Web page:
2. Vincenzo Galasso & Tommaso Nannicini, 2017. "Political selection under alternative electoral rules," Public Choice, Springer, vol. 171(3), pages 257-281, June.
    3. Ferraz, Claudio & Finan, Frederico S., 2008. "Motivating Politicians: The Impacts of Monetary Incentives on Quality and Performance," IZA Discussion Papers 3411, Institute of Labor Economics (IZA).
    4. Galasso, Vincenzo & Nannicini, Tommaso, 2011. "Competing on Good Politicians," American Political Science Review, Cambridge University Press, vol. 105(1), pages 79-99, February.
    5. Guido W. Imbens & Jeffrey M. Wooldridge, 2009. "Recent Developments in the Econometrics of Program Evaluation," Journal of Economic Literature, American Economic Association, vol. 47(1), pages 5-86, March.
    6. Jan Palguta, 2015. "Political Rent-Seeking in Public Procurement: Evidence from the Entry of Political Challengers at Electoral Thresholds," CERGE-EI Working Papers wp549, The Center for Economic Research and Graduate Education - Economics Institute, Prague.
    7. Marco Portmann & David Stadelmann & Reiner Eichenberger, 2010. "District Magnitude and Representation of the Majority?s Preferences: Quasi-Experimental Evidence from Popular and Parliamentary Votes," CREMA Working Paper Series 2010-13, Center for Research in Economics, Management and the Arts (CREMA).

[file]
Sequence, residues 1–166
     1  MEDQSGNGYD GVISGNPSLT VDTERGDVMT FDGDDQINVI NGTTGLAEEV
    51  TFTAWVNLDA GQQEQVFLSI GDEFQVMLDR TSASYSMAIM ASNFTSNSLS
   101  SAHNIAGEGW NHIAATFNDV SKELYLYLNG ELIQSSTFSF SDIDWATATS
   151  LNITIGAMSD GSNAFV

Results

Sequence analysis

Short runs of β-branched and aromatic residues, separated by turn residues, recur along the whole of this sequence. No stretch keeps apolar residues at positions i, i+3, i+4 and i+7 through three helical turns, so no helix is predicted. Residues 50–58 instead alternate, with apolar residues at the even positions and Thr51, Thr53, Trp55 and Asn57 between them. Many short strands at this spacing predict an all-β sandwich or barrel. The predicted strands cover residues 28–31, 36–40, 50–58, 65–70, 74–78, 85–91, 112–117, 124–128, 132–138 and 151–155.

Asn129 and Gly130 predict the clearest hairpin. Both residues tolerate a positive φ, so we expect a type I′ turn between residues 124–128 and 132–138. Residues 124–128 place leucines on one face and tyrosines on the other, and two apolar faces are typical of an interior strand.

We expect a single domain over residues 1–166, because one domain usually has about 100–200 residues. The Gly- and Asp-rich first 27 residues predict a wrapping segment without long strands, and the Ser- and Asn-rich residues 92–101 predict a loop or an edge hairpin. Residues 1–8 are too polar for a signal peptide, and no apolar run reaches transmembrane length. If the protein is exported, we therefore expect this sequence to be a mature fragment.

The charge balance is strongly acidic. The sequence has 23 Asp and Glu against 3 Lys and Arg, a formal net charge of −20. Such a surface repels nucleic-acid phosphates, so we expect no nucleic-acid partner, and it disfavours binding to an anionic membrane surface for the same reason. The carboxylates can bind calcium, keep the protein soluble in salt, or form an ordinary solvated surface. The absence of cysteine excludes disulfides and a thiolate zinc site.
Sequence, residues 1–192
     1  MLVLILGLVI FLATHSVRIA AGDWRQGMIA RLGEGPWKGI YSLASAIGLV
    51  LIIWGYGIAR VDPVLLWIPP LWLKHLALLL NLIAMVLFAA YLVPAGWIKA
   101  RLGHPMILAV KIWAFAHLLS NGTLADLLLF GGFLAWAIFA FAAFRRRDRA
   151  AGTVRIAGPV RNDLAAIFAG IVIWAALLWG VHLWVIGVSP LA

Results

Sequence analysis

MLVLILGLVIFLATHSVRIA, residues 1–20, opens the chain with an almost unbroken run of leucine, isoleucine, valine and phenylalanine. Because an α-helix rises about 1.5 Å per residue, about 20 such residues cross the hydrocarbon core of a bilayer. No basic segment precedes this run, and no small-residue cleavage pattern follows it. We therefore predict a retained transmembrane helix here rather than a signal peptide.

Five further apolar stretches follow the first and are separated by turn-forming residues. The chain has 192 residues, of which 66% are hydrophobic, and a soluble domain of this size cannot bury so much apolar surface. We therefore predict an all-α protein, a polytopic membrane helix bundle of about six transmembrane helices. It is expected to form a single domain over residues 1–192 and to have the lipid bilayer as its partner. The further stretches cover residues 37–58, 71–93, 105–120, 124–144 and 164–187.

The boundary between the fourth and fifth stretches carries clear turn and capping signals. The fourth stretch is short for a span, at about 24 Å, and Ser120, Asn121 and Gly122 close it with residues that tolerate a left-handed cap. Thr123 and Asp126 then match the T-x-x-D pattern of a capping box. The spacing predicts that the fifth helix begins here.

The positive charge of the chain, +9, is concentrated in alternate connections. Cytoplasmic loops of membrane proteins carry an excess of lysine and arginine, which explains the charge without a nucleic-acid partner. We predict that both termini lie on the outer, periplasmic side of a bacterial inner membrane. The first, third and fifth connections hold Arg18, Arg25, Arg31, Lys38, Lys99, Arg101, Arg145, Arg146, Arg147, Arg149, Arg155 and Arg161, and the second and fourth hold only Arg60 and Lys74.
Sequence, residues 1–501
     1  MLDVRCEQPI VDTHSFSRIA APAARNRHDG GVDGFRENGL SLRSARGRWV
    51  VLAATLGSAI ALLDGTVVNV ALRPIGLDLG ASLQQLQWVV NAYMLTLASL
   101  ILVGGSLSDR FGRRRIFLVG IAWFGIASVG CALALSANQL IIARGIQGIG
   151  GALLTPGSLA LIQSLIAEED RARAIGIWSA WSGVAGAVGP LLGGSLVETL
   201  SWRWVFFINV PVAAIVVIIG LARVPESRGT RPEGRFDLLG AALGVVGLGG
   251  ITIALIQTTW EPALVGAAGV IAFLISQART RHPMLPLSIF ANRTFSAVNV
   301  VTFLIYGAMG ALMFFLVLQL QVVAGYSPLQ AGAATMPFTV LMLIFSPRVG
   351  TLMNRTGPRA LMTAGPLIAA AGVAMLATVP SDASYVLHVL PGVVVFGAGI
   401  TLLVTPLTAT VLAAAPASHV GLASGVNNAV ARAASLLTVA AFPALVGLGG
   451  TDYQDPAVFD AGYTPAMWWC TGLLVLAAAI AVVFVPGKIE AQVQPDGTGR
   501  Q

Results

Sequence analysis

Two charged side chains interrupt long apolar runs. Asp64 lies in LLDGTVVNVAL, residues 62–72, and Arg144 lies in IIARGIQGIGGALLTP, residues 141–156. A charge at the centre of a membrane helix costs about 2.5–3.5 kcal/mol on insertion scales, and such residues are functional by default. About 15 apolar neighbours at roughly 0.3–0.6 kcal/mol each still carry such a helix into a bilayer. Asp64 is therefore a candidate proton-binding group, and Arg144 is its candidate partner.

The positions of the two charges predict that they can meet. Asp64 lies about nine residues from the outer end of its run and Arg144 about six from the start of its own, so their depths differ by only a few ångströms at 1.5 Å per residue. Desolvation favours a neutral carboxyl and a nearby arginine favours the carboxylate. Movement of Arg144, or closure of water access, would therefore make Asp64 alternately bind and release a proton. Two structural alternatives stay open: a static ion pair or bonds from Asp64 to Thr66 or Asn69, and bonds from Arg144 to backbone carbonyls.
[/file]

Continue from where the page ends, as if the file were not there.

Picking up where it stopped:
8. Ari Hyytinen & Jaakko Meriläinen & Tuukka Saarimaa & Otto Toivanen & Janne Tukiainen, 2018. "When does regression discontinuity design work? Evidence from random election outcomes," Quantitative Economics, Econometric Society, vol. 9(2), pages 1019-1051, July.
    9. Marcos Chamon & João Manoel Pinho de Mello & Sergio Firpo, 2008. "Electoral rules, political competition and fiscal spending : regression discontinuity evidence from Brazilian municipalities," Textos para discussão 559, Department of Economics PUC-Rio (Brazil).
    10. Garance Genicot ⓡ & Laurent Bouton ⓡ & Micael Castanheira ⓡ, 2018. "Electoral Systems and Inequalities in Government Interventions," NBER Working Papers 25205, National Bureau of Economic Research, Inc.
    11. Stefano Gagliarducci & Tommaso Nannicini, 2013. "Do Better Paid Politicians Perform Better? Disentangling Incentives From Selection," Journal of the European Economic Association, European Economic Association, vol. 11(2), pages 369-398, April.